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19 September 2008


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Oh Corey, how wonderful that was. I have to confess though I am the youngest of 5 girls and my eledest sister married in 1955 and I was married in 1974. Can you believe we all had trousseau showings (according to tradition) where the aunts and the future in-laws would come for afternoon tea and all our linens and laces,outfits and shoes, bags and in my sister's day even matching lingerie was shown. As I look back now it is not so much the fact they all had a "good look" at all our stuff but that my mother was able to provide each of her daughters complete wardrobes of new clothes and chests full of magnificent manchester.
No one to this day has been able to beat my dear Mum at shopping.

Ah, a written record. so much is revealed in a person's penmanship. What stories can we cull from a computer printout?

Is this a document that you own? You are fortunate if you do. A peek into the everyday victorian life. Oh,I just read yesterdays post,thanks for the peek into French life too.

what a marvel of tongue in cheek this mother was (how come she reminds me of a certain lady in the South of France? *smile*)! The handwriting is superb!

Do I read it right, this is page 34? Wonder what else she got up her sleeve, er, in her daughter's trousseau! (I entered marriage with a nice stash of wine bottles, btw, among other things, shipped over the oceans.)

Oh how precious is everything you share.
I love you

I wanted the list to continue, not quite ready to be done reading!!!

Corey, it will be little items such as this I will search for at the brocantes soon - special papers written in a lovely hand with a story behind them. At least they will fit in my limited baggage allowance, whereas a stunning French blue painted armoire will not......unfortunately.

Oh to return to the gentle age of life....altho' from what you share with us about living in a village without a big box store, sliced bread, and gallon jugs of tasteless milk, I think you may still be surrounded by it!

Hope to talk with you about such things soon!

Corey - what a wonderful document. It represents a look into daily life and cultural traditions of the time.

- Suzanne, the Farmer's Wife

How lovely to come across a document like this.
We found an 1830 auction document of items sold after the death of one of my husbands ancestors. We were amazed at how humble the household was.

What a beautiful story, Corey. A lovely beginning to read this. Oh, the swish of the last letter is called a flourish (I'm a sort of calligrapher- letter for fun not profit). I think the trousseau was also a place to show that the family was sending their daughter to her new husband with the nice necessities (and then some). Wasn't it much more practical to spend the money on things that would benefit the couple through their early years together rather than on the extravagance of a huge and showey wedding?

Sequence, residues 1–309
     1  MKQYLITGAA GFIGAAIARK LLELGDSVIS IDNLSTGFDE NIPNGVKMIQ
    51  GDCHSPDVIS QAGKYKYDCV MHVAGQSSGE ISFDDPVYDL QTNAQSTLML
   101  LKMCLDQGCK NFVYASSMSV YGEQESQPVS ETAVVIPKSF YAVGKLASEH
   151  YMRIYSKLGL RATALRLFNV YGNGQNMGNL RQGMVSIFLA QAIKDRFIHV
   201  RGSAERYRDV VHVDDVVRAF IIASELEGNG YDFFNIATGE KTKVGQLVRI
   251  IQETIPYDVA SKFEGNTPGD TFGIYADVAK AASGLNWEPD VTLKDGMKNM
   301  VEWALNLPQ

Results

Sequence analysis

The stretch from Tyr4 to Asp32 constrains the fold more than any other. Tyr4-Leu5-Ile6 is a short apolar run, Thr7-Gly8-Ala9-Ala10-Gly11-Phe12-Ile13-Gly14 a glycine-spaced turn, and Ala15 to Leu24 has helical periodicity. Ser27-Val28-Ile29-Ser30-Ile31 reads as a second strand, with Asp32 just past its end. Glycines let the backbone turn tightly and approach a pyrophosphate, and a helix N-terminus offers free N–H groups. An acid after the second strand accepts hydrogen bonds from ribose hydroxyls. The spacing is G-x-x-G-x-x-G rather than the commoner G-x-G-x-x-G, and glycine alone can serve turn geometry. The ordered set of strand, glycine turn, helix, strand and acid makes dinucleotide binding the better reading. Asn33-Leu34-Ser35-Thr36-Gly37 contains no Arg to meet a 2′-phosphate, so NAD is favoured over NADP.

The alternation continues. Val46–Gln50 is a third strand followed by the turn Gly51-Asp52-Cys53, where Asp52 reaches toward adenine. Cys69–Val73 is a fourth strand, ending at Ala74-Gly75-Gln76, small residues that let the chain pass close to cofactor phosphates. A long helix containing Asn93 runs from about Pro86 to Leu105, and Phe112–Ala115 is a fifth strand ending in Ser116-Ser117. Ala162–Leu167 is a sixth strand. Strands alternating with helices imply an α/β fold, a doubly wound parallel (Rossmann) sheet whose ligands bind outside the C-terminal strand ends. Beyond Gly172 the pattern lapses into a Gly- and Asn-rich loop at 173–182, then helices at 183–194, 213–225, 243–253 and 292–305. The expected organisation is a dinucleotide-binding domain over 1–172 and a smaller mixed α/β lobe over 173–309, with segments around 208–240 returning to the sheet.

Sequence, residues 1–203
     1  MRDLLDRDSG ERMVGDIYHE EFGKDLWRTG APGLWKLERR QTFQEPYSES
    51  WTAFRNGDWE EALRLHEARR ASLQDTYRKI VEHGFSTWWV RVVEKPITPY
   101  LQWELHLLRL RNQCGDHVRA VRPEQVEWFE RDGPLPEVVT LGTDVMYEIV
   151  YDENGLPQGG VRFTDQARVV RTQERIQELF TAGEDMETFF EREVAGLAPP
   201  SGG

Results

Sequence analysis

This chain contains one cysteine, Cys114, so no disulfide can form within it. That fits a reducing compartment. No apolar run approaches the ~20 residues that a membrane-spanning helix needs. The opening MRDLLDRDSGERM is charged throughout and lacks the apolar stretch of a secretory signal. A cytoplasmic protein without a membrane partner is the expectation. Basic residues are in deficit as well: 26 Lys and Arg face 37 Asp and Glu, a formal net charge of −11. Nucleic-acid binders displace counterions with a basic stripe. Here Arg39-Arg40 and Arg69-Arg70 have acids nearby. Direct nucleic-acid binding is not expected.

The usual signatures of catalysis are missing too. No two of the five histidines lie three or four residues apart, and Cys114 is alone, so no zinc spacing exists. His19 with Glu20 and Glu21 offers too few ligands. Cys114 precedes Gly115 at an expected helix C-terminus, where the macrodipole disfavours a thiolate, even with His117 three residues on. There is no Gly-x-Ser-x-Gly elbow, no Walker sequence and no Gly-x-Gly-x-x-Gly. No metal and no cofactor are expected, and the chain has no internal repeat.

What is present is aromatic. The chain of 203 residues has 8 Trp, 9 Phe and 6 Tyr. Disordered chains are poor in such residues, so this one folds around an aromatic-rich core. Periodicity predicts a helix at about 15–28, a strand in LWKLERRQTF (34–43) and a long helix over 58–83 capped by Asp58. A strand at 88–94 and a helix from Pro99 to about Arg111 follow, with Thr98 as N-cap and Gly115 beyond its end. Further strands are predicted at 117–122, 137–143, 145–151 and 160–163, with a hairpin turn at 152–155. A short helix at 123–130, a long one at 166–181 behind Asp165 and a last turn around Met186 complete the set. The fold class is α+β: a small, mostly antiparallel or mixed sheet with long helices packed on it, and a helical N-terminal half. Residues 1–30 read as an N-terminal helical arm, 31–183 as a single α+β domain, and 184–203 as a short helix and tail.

What a treat it has been this week to read of your tales of everyday life in France and then to be greeted at the end of the week by this charming view of the everyday life of the past. You have given us the wisdom of age and maturity greeting the innocence and sweetness of youth - mother to daughter and so on, it will continue.

What a delight to read! And to think you have this piece of the past in your hands! I could never have lived during Victorian times... I would have shed a tear (or ten!)with each item I had to jot down if I knew it meant I was giving my daughter away! =O

When I FINALLY got married four years ago at the age of 37, m y mother was very similar. She bought so many negligees for me it was ridiculous! I was s embarrassed to be buying THOSE with my MOTHER! lol

Wow Corey,
That was great, I felt like I was watching the start to a wonderful old movie.
Thanks for sharing, very entertaining.
Have a wonderful weekend!

Oh, poor Mlle. Chier, she must have been quite mortified!

Have you suggested anything similar to Chelsea ?!! Jx

Oh, the scandal! ::giggle:: My daughter would be the same way.

you sure know how to tell a story!

oh this is wonderful to read. I so enjoyed this. As always you know how to bring us right along into the story.

love and blessings

every time I visit your site, I let go an audible *sigh* of visual pleasure.

I must keep this list in mind to tease my daughter with when it is her turn to be a bride.

did you find this in your antique shops? how simply wonderful!

Such beautiful hand writing! I have a list of things I should have in my closet hanging on my closet door....it isn't in my handwriting (it's printed from a master list of lists I have)....I am thinking I should write it out in my handwriting!

History frames it beautifully! As do you!

Thank you!

Corey...I am loving this! I have dreamed of living in France for a year at least to just assimilate into the culture...Can't speak a word but still a dream! For now I will stay in Calif. and follow your blog and enjoy! thank you, this is fun!

That list is wonderful! what a treasure!

If ever I do get married, I must ask my mother to write out my trousseau! I think she has a similar humour to this young lady's maman.

The "naughtiness" of your story had me smiling throughout the day. So delightful!

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French la Vie Creative Journeys in France. Please join me in 2020 to learn more click here
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